I mention these details not only to construct a lineage, or to unearth an unsuspected convergence—because the music I’m interested in is all about convergence—but to invoke the household, and the nature of life at home, integral to my project. I don’t know what growing up in the 1860s was like for Tagore, although, in his memoirs, he suggests he was surrounded by sound and image. [The ticking of a clock; alarm goes off.] By the early twentieth century, when he’s recounting that childhood, “the ghosts,” he remarks, “are gone.”

My story begins not with childhood, but with moving to Calcutta in 1999, after roughly sixteen years in England. Working and writing at home, my wife near me, she not having resumed work herself because our daughter was nine months old, my aging parents—whose only child I am—always nearby, the perennial hired help moving in and out of the apartment, I was constantly encircled and encroached upon by movement. [Women’s voices. Short extract from Koln concert, part 1, in which Jarrett is thumping the piano.] My writing flourished in these conditions; I began to see why certain French philosophers would always go to the café to write and think. To be among people you’re completely familiar with, or, on the other hand, those you don’t know at all, as in a café or on a street, is to be perfectly solitary, and in a state of composure; you’re free to pursue your preoccupations, imaginary though these might be, and constantly, even unguardedly, absorb your environment. [Sparrows in the background; extract from Freewheeling Jog playing.] It is, in a sense, the opposite of the sociability of a party, where you might feel down-hearted and alone, suddenly aware of invisible limits, not necessarily wanting to talk to the person you’re talking to, wishing you were somewhere else. [A single high organ note on a synthesiser gets louder, then fades.]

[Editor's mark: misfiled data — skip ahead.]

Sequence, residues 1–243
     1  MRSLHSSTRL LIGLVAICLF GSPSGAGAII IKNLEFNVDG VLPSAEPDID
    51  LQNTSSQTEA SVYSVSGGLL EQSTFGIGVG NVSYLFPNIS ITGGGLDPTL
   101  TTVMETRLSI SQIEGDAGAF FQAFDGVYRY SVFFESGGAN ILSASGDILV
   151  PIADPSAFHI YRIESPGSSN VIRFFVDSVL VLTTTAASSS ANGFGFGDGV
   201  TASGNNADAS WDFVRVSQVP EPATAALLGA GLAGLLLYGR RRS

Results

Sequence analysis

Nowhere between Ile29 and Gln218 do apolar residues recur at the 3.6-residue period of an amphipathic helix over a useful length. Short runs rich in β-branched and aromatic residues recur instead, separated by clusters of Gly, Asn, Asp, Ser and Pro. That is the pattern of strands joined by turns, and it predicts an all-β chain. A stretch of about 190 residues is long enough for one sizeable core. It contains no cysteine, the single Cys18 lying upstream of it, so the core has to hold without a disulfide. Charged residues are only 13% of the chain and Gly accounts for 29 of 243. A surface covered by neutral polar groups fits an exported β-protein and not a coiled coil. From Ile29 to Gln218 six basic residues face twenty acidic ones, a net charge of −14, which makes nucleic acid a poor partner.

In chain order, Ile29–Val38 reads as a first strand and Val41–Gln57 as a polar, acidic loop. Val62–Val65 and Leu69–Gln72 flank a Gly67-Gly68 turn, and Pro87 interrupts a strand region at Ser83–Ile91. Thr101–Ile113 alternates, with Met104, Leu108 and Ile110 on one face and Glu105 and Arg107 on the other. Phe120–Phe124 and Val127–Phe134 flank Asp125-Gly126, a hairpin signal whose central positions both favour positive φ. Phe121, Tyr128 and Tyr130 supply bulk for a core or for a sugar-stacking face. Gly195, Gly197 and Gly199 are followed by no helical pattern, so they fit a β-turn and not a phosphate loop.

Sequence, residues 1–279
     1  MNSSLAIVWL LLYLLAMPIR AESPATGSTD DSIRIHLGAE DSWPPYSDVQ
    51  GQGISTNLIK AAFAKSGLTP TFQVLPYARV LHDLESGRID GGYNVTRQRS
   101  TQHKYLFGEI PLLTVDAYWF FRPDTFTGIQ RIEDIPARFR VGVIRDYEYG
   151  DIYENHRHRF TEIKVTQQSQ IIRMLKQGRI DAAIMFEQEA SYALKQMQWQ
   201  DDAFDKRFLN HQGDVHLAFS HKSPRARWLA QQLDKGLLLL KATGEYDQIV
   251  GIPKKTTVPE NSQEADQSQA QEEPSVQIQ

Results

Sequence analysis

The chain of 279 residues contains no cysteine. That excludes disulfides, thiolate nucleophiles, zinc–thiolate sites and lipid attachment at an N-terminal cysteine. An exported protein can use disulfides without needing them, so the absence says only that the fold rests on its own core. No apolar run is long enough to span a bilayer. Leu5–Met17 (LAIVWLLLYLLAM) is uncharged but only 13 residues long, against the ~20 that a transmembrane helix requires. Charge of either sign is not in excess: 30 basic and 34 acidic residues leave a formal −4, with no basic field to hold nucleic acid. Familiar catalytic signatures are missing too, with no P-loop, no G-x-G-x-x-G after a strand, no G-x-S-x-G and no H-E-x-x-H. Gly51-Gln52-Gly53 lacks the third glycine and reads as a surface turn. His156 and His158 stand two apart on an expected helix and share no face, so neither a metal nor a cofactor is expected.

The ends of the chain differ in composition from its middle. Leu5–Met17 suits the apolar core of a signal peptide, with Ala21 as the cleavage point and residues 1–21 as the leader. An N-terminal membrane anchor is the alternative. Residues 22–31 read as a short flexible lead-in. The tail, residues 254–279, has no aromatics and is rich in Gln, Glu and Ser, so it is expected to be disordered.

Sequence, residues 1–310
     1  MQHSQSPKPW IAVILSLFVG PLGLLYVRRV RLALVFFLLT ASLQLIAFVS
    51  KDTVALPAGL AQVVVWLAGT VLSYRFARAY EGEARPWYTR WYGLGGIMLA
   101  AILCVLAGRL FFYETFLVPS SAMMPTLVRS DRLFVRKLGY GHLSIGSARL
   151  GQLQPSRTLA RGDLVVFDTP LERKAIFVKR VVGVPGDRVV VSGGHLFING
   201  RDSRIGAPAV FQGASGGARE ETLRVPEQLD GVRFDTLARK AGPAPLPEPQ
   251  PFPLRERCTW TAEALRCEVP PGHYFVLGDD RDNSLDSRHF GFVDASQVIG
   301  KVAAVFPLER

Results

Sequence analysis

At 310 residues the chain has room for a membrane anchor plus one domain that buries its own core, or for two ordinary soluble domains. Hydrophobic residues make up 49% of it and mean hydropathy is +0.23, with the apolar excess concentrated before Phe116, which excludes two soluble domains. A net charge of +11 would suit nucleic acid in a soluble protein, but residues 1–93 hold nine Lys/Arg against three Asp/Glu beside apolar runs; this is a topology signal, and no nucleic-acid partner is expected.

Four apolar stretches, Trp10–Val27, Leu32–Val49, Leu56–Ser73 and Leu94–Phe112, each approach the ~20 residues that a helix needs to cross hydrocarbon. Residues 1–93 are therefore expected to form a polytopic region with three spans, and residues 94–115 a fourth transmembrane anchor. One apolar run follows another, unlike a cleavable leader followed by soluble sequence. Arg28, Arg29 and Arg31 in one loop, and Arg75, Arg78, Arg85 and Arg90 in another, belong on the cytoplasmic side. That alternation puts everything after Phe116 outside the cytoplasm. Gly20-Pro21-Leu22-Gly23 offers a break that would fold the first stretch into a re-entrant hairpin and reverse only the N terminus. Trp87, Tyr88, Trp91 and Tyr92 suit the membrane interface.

This apartment, like almost everywhere else in Calcutta, has not only light but sound coming into it from every side. It’s nowhere near Jorasanko in the old town in the north; this is the south, in a plush residential neighbourhood full of trees and the houses of the once-privileged classes that are being torn down swiftly and all the time for the new apartment buildings to come up. Birdcall, human voices, hammering, traffic noises from the main road form my horizon of hearing when I’m in the bedroom, and the large windows are open. [Jarrett, from part 2, tapping his feet and playing in 4/4.] But there’s also music, because right next door is the Calcutta School of Music, whose second-story terrace I can amply gaze upon from my eighth-storey perspective, and where, particularly when paying no attention, I can hear children practising Indian classical modes, recordings of swing music, emphatic drum solos, tentative jabs at the trumpet, and, of course, piano scales. [Repetitive sound of Chinese pentatonic being practised on acoustic guitar; played by myself at home.] There’s another slightly faraway sound which comes to me at different hours of the day, that could be termed musical—the muezzin’s call to prayer from the two or three mosques in Park Circus. [Dvorak: from Humoresque—violin and piano] This call is clearly audible (though still remote) at half past four in the morning, when I’ve sleepwalked to the bathroom; gradually my ear awakens to the whining tone, translates, then realises it is quite beautiful. In half a minute, the bathroom is pristinely silent, and the ear discerns yet another muezzin, but singing in another key, creating a short-lived, unintended dissonance that no one but the steadfastly devout is listening to. For the rest of the day, it won’t be easy to hear them again, because of the veil created by the traffic, the fizz of cooking, even the hushed transit of the ceiling fan. [A hissing sound overlays the previous sentence.] All sound’s potentially music, said John Cage; but all music is also sound—that is, something with not just a tonal but a physical and social life. I find it increasingly hard to tell, living as and where I do, when sound turns to music and music turns to sound. Speaking of Cage, I should mention that I hear silence quite differently in this apartment. Listening to 4’33”—the famous piece of silence where Cage is actually asking us to hear carefully what happens in that brief span of time—is hardly comparable, I suspect, to experiencing it in Oxford or at the Barbican. Here, 4’33” means the sound of my daughter talking, a tap being opened, a spatula being put down, two women conversing in the background: all this is contained within the performance. [Women speaking to each other in German.] When the same piece is executed in a concert hall in London, it becomes much more predictably about silence; you see clearly, during the unfolding of the work, how much English concert-goers resemble commuters on the Tube, attentive, knees pressed together, eyes focussed strategically not on any one human being but on the near distance. The train vibrates; silence becomes habitable; in the concert hall, you suddenly think of Cage’s mysterious impulse when you hear someone cough. [Again, a single high organ note on a synthesiser gets louder, then fades, in the course of the previous and the next two sentences. A door closes.]